Five Great Low Sugar Juice Recipes – Perfect for Diabetics

Though practiced religiously by health gurus for decades, juicing is now more popular than ever as more and more people are learning about its numerous health benefits.

Proponents of juicing claim that these sometimes strange looking concoctions can treat everything from dry skin to chronic disease.

As with most health trends, manufacturers have caught on to the hype and begun mass producing so-called “healthy” juices that now line store shelves. However, many of these contain incredibly large quantities of sugar thanks primarily to the fruits used. Similarly, many individuals who choose to juice at home make the same mistake, opting for high-sugar ingredients over more healthy options like green leafy vegetables.

While it’s true that fruits are healthy, they still contain sugar. When eaten whole, the fiber content of a fruit helps balance out the effects natural sugars have on blood glucose. Yet once juiced, the fiber is removed and all that remains is the super sweet juice teeming with sugar.

For diabetics looking to improve their health through juicing, masking the stronger flavors of vegetable juice can be somewhat challenging. Yet, those struggling with insulin resistance need not choke down unpalatable juices, as there are several ingredients that can add flavor without adding extra sugar or calories. Here are some juicing tips and delicious recipes suitable for anyone looking to control their blood sugar levels while still enjoying their juices.

Juicing tips and tricks

  • Use high-water content vegetables as a base, such as cucumbers and celery. These will not only add more volume, but help dilute more potent juices.
  • Include fruits and vegetables high in manganese, as this mineral helps reduce insulin resistance. These include parsley, carrots, cabbage, collard greens, endive, beet greens, broccoli and spinach.
  • Avoid the highest-sugar fruits, such as pineapple and mango. These juices can contain up to eight teaspoons of sugar each.
  • Both asparagus and green beans contain several compounds that help stabilize blood sugar.
  • To sweeten juices, add lower-sugar fruits such as green apple and kiwi. Berries are also a good option, particularly blueberries which are high in manganese.
  • Select herbs and spices for added flavor. Cinnamon is proven to help stabilize blood sugar when consumed consistently, and other flavorful ingredients to try include parsley, ginger, cilantro and fennel.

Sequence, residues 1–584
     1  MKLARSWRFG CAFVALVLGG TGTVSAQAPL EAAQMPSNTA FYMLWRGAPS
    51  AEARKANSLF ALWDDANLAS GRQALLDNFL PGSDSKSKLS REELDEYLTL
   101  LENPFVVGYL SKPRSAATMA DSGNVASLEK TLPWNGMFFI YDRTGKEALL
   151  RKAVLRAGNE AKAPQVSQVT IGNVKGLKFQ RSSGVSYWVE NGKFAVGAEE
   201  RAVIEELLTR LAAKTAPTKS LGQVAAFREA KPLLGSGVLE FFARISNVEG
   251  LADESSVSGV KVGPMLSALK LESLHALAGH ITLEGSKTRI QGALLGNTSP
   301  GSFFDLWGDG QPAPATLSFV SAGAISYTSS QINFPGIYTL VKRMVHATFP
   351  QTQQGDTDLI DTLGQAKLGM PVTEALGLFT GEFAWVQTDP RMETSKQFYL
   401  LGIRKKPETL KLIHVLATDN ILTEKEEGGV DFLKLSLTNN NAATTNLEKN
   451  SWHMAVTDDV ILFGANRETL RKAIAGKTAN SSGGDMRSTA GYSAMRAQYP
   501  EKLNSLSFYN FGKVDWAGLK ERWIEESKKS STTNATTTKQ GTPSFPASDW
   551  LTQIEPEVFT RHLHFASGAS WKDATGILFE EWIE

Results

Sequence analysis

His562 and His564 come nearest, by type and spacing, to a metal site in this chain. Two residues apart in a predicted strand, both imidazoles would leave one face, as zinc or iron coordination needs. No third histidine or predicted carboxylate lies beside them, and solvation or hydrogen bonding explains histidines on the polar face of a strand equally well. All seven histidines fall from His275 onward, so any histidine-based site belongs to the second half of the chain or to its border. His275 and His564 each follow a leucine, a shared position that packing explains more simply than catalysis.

Diabetic-friendly recipes

An Alkalizing Juice

  • 2 stalks organic celery
  • 1 organic cucumber
  • 1 organic green apple
  • 1 organic carrot
  • 1 cup organic spinach

Tip: Spinach provides a mild flavor. Try the juice without adding the carrot to keep sugar levels lower. If necessary, add in a small carrot for a sweeter taste.

Vegetable juice varietyA Veggie Juice With a Twist

  • 2 stalks organic celery
  • 1 medium organic red pepper
  • ½ bunch organic cilantro
  • 1 organic carrot
  • ½ organic cucumber
  • ½ organic fennel bulb
  • 1 cup organic spinach
  • 1 lime (squeeze into finished product)

Tip: a clove of garlic works well in this juice.

A B6 Bounty

  • 10-12 organic brussels sprouts
  • 2 cups organic string beans
  • 1 organic cucumber
  • 1 peeled organic lemon

Tip: Brussels sprouts and string beans are excellent source of B6, a vitamin that aids in blood sugar stabilization.

A Heart Healthy Juice

  • 6 sprigs organic watercress
  • 1 handful organic parsley
  • 2 organic tomatoes
  • 2 organic green apples

Tip: Apples, watercress and tomatoes all contain compounds that are effective at lowering LDL cholesterol levels.

An Energizing Juice

  • 4 leaves organic lacinato kale
  • 1 organic cucumber
  • 3 cups organic spinach
  • 5 stalks organic celery
  • ½ bunch organic parsley

Tip: The greens in this juice provide an energy boost, yet if it’s not sweet enough, add either a small organic green apple or an organic beet for flavor.

-The Alternative Daily

Previous articleThree Ways Coconut Oil Can Improve Oral Health
Next articlePowering Homes Using Food Wastes and Microbes

Recommended Articles